Chicago-area author Kathryn Born set her debut novel The Blue Kind in Neom, a dystopian city where the laws of physics are lax. In the aftermath of Drug War II, Allison is a “chain,” meaning she is collateral after a drug deal is made. The drugs in this world are called “mugs” (mind-drugs?). Different mugs offer different experiences, usually warping the laws of physics and the realms of perception.
The novel focuses on Allison’s misadventures with her husband Cory, her friend Ray, and other transients. They take different kinds of mugs in an abandoned theater, try not to get arrested, and engage in a kind of quest. This quest is to find, pay for, and take IDeath. This mug promises to give the user an out-of-death experience that she can return from. Born puts a satirical spin on this dystopia. Cory says,
“They could create mugs that let you assemble objects faster, or create an emotional block to keep your personal demons at bay. So suddenly there are a whole bunch of new mugs, the Feudal Government says they’re good for you, and they’re all legal.”
“Then they start adding laws. Some mugs become illegal, and they create a whole nonsensical system of degrees ranging from mugs they call ‘recommended’ to mugs they label ‘banned.’ Once some mugs become illegal, people start hoarding legal mugs in case their status changes. Then mug formulas hit the streets, and there’s an instantaneous black market.”
What makes Cory’s diatribe so funny is how accurate it is to the drug catastrophe in the United States. This nation legalizes drugs that reward industriousness (coffee, energy drinks) and make illegal drugs that alter perception (LSD) or make one giggly and like jam bands (pot). The current state-federal conundrum created by the recent pot legalization in two states only complicates the matter.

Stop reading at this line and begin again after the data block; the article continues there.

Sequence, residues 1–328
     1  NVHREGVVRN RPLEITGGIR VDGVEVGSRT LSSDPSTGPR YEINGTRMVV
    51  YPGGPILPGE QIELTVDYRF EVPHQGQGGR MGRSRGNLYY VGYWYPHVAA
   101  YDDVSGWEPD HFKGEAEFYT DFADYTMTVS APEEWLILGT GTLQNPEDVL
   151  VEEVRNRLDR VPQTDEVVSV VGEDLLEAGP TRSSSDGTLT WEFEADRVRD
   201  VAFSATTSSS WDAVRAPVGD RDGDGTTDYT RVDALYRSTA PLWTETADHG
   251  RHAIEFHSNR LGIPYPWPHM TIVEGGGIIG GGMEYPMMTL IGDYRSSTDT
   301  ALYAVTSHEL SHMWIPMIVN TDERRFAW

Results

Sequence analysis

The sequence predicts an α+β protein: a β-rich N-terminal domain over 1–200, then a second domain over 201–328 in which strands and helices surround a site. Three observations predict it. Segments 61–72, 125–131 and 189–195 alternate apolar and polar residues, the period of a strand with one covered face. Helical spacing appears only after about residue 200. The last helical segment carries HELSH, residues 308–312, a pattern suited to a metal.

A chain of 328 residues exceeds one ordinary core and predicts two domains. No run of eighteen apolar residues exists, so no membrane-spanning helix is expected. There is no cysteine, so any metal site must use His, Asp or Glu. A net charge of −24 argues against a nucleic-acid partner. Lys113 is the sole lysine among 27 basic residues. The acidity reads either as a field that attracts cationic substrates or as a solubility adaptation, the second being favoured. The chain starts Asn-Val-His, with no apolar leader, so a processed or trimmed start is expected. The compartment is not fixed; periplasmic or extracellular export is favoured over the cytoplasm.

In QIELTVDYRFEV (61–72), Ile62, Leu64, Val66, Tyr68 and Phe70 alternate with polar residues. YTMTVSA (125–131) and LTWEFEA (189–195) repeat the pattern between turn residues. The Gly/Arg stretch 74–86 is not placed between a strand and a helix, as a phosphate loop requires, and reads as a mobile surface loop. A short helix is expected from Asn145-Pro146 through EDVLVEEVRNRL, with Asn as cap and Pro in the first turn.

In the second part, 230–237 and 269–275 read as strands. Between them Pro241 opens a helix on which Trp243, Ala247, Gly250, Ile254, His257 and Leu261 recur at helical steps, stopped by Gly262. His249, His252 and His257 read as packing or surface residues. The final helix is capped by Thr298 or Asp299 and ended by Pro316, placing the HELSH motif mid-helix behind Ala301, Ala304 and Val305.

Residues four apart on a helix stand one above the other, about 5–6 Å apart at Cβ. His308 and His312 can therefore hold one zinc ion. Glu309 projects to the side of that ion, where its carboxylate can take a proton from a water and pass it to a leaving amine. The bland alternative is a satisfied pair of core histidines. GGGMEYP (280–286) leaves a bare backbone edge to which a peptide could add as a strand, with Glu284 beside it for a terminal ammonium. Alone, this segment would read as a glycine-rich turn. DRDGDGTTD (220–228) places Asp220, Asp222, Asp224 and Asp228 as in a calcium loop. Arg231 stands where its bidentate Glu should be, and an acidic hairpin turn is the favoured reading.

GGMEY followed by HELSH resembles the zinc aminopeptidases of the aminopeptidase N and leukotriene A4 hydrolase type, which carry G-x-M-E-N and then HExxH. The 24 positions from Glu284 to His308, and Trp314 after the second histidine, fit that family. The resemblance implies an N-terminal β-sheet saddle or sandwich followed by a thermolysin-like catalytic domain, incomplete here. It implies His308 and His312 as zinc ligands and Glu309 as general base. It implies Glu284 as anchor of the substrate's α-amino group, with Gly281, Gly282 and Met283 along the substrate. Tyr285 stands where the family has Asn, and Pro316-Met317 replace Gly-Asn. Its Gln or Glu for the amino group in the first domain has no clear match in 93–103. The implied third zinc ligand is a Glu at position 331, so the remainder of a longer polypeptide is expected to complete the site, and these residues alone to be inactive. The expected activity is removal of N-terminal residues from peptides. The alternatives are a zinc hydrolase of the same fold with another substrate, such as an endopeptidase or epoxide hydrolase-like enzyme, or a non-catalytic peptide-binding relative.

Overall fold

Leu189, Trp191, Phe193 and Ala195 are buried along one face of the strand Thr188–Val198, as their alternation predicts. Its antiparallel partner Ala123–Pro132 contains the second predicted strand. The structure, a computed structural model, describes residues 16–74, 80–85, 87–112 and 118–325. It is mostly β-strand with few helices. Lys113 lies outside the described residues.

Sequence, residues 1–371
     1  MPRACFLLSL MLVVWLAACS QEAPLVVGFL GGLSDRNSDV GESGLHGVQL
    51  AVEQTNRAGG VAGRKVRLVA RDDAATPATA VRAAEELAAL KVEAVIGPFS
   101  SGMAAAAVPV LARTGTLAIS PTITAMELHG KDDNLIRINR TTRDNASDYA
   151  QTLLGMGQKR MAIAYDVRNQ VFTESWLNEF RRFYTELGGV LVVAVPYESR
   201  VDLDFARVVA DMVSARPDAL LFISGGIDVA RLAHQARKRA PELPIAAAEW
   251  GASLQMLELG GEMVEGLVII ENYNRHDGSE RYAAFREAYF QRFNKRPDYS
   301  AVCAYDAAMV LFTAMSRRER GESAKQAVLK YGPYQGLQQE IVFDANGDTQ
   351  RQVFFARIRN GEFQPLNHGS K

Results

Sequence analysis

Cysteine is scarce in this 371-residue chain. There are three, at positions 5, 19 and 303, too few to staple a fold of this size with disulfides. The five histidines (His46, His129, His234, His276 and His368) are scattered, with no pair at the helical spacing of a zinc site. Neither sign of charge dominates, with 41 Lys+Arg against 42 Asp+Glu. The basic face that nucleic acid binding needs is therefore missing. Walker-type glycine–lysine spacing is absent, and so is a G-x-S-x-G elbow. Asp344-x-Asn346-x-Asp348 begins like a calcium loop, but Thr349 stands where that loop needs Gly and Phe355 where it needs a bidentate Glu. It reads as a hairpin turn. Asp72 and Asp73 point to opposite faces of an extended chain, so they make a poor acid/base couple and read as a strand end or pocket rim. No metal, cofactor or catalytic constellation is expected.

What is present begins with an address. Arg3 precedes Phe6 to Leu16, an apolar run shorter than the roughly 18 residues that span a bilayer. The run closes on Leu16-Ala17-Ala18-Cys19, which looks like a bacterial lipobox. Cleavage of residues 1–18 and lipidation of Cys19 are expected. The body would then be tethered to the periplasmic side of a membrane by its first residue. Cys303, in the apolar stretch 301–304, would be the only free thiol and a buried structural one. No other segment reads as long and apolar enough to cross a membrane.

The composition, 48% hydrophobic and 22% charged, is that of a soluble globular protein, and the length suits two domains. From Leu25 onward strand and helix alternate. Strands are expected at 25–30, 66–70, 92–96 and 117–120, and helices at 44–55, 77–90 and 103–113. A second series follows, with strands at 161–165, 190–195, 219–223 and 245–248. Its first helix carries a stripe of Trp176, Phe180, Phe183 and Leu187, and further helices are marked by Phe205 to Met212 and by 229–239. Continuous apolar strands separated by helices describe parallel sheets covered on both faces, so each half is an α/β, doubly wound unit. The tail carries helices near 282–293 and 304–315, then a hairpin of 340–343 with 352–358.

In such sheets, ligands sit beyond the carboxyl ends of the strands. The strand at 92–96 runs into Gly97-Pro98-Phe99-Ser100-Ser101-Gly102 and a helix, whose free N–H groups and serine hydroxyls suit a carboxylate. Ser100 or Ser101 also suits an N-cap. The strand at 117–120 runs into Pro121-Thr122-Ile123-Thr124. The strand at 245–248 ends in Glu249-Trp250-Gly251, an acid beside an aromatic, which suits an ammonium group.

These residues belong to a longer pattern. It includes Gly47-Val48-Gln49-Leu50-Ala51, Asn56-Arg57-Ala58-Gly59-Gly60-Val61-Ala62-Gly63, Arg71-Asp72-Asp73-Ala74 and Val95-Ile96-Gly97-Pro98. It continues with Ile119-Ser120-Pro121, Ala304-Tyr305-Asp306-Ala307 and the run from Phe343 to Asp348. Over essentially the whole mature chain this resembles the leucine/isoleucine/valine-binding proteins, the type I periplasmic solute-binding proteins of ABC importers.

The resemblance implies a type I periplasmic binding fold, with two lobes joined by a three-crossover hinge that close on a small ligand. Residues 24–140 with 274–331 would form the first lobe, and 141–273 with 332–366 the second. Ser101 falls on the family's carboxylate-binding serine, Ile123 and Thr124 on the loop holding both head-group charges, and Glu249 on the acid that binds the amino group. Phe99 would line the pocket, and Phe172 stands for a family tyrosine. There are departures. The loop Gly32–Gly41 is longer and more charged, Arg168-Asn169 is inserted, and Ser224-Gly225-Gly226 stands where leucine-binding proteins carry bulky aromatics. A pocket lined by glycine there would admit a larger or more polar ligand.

Allison and her ragtag group confront Atom, Allison’s arch-nemesis and IDeath dealer. But this description is deceptive, since The Blue Kind isn’t written like a taut thriller or a docu-realistic depiction of an addict’s life (see The Wire). The novel chugs along at a jangly loose pace. People talk, people sit around, and there’s the occasional physical transformation. The relaxed pacing and dystopian setting reminds me of Richard Linklater’s film A Scanner Darkly, equal parts hallucination, paranoid fantasy, and evil conspiracy. While not everything works in this book, this is Born’s first novel and I’m more lenient with first novels. But as first novels go, she creates a unique dystopian environment and an equally persuasive writing style. She has a novel that rides the fine line between literary experimentation and one that follows every genre convention. More novelists writing in science fiction should take these kinds of chances. The Blue Kind reminds the reader that Kathryn Born is a writer to watch. On the back flap Born’s profile states she “is working on a follow-up novel, which she hopes to complete in less than twenty years.” Hopefully we won’t have to wait that long, because seeing her talents develop and evolve will be something that could be quite marvelous to behold.
Out of 10: 8.0